So there exist two other sets of insertion methods to handle all cases easily. We can easily see that the second method is much shorter.
So, these methods can only be used to insert DOM nodes or text pieces. It is inherently more resource-intensive to use these methods if your script is intended to write the HTML from which the browser creates the DOM in the first place. Using insertAdjacentHTML is not a direct substitute as the browser closes tags which the script requires remain open, and takes twice as long to ultimately create a mangled page.
Writing all the pieces to a string and then passing it to insertAdjacentHTML takes even longer, but at least you get the page as designed. But usually the returned value is not used, we just run the method. All insertion methods automatically remove the node from the old place.
Methods to create new nodes: The first one exists for historical reasons. If we call it afterwards, the existing document content is erased. The call to document. We could make a function and put the code there.
I just tested using an onload param in the body tag and even at this point the document is still open and document. To create DOM nodes, there are two methods: We can easily notice similarities between this and the previous picture.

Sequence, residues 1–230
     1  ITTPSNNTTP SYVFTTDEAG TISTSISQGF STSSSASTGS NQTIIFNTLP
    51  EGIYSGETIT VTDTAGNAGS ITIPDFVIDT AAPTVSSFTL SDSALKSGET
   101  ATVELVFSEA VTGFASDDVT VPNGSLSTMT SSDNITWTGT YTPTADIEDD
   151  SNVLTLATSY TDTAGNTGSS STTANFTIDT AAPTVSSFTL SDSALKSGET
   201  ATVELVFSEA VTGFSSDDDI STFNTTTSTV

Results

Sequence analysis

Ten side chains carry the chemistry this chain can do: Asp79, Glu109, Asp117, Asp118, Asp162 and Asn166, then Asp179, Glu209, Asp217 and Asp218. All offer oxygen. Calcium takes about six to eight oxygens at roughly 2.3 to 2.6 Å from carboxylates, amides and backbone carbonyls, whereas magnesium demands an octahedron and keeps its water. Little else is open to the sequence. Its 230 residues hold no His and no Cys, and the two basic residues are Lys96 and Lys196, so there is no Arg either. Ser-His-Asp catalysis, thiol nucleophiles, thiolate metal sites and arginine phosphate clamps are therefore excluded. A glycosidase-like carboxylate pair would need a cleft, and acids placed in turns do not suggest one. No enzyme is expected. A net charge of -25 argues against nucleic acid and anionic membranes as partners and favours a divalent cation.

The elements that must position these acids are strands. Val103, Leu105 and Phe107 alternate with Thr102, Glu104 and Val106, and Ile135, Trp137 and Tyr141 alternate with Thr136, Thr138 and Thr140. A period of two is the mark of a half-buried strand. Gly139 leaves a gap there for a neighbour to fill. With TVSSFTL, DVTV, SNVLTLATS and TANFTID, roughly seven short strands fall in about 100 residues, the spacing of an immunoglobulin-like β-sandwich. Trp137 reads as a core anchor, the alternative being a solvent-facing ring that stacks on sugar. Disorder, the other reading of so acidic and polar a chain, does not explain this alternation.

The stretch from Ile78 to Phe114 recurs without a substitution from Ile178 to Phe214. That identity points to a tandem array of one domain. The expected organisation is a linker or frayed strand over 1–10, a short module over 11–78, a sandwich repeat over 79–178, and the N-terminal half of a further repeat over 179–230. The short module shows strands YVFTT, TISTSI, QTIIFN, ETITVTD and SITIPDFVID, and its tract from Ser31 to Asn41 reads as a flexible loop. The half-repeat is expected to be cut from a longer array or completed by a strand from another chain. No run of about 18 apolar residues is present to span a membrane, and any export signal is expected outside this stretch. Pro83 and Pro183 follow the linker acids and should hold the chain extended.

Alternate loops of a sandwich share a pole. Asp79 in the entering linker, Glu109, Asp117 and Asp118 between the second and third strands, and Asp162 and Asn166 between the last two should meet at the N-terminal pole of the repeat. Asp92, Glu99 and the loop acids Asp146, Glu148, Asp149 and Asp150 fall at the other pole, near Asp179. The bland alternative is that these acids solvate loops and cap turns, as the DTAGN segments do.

Of course, all that is doable, but not in an elegant way.
This set of methods provides more flexible insertions: That was the downside. In modern scripts we can rarely see it, because of the following important limitation: For instance, here a string and an element are inserted: By the time it is finished this script creates over DOM nodes, mostly table cells.
But in practice these requirements rarely come together. Sometimes when we have a big element, that may be faster and simpler.Note: as mint-body.com writes to the document stream, calling mint-body.com on a closed (loaded) document automatically calls mint-body.com, which will clear the document.
Also, the input values of your form won't get magically transported into that array, I hope you're aware of that. It's beyond the scope of this question to explain how to read form input values, but I can tell you how to trigger the script so you actually see something when not in a JSBin: wrap all your script in a function such as function.
Note: When this method is not used for testing, it is often used to write some text to.Download